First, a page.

Written by Rachel

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Modern behaviour

People behave in a manner that is consistent with their upbringing, social group, work and family.
This is unlikely to correspond with how someone should behave in a martial arts class.

Martial attitudes

Martial arts are dangerous. The classes are run in a certain manner on purpose in order to instil the right attitude for learning and becoming a martial artist.
They also take health & safety into account


Many features of a martial arts class stem from the Chinese traditional method of learning. This is Confucian in origin. It was focussed upon humility, hard study and a sincere commitment to practice.

One does not applaud the tenor for clearing his throat.

(Dangerous Liaisons)

May all your wishes come true (Chinese curse)

The first so-called Chinese curse is very relevant in a martial arts class. It addresses self-gratification.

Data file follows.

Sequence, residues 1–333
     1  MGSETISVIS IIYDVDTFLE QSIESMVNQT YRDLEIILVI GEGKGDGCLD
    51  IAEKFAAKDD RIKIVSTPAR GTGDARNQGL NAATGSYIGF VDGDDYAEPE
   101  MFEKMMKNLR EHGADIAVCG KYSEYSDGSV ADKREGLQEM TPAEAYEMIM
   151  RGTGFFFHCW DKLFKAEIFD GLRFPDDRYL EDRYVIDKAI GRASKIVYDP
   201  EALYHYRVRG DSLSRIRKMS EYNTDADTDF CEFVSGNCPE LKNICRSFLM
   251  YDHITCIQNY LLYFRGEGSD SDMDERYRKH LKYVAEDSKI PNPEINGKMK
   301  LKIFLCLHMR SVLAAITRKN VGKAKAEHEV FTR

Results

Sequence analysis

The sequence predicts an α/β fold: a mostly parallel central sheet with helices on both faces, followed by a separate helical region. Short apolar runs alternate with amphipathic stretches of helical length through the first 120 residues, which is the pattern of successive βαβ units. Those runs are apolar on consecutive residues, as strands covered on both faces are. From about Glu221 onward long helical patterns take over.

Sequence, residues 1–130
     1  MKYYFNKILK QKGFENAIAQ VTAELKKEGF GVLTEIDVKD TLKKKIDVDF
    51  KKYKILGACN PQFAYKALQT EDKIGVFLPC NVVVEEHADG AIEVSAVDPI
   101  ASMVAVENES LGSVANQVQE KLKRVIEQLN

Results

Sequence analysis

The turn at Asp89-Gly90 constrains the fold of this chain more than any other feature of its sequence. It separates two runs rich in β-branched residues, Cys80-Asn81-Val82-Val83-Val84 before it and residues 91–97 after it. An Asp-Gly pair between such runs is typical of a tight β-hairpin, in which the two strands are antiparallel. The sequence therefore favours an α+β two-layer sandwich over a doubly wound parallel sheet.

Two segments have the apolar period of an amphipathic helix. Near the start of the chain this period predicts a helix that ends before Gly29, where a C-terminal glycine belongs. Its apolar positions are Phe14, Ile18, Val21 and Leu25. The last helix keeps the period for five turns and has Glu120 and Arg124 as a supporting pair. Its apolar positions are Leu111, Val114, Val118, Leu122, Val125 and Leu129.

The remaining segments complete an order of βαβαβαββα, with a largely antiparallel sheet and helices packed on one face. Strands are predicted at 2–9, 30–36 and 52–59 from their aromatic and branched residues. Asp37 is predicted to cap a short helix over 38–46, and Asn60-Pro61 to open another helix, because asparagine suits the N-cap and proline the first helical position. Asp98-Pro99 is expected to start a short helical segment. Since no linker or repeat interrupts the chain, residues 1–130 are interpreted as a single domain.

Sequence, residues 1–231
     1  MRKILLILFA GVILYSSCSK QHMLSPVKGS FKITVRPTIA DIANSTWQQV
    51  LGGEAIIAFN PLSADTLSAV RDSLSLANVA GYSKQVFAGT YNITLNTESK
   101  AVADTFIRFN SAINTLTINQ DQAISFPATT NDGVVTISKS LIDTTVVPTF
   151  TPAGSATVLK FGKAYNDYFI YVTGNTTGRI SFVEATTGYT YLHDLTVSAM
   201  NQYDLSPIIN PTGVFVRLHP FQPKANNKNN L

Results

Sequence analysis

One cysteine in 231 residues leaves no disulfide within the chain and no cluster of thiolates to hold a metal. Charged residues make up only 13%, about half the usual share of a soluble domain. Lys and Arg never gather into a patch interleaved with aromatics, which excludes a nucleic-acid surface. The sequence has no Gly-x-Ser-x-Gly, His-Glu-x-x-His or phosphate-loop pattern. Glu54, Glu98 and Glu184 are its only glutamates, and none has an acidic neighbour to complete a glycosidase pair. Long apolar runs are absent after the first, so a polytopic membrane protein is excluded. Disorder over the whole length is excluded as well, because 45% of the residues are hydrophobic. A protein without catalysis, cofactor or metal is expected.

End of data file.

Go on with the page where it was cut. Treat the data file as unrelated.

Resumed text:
Modern people like to have things made-to-order, tailored to suit... They expect the same treatment from their instructor. This is utterly naive.
An instructor's role is to quash the ego, train body and mind, and seek to turn an ordinary citizen into a martial artist. Not an easy task?

The cart leading the horse

A student cannot tell the instructor what or how to teach them because the student has no actual comprehension of the art or the syllabus.
The individual is simply acting out of pride, vanity and self-importance. In combat, these qualities might get you killed.

May you live in interesting times (Chinese curse)

This curse is about the fact that excitement and novelty are not necessarily good. In Taoism, the pursuit of thrills reflects a restless, immature character.
Why do people want to surround themselves with fuss, glamour, spectacle and noise?
Because they are shallow and boring. Such individuals look outside of themselves for entertainment. This is intrinsically not 'internal'.

The ordinary

Zen favours the simplicity of everyday life. It encourages us to see the profound wonder of the 'mundane' aspects of life. Rustic and homely, Zen shuns fads, trends and fashions. It favours the real.
Expecting your instructor to entertain you (like a performer) is stupid and insulting.


The dull-seeming routine of training tai chi every day grounds us. Amidst a life of confusion, uncertainty, insecurity, frustration and conflict... tai chi remains wholesome and simple.
It is deeply ordinary and fulfilling.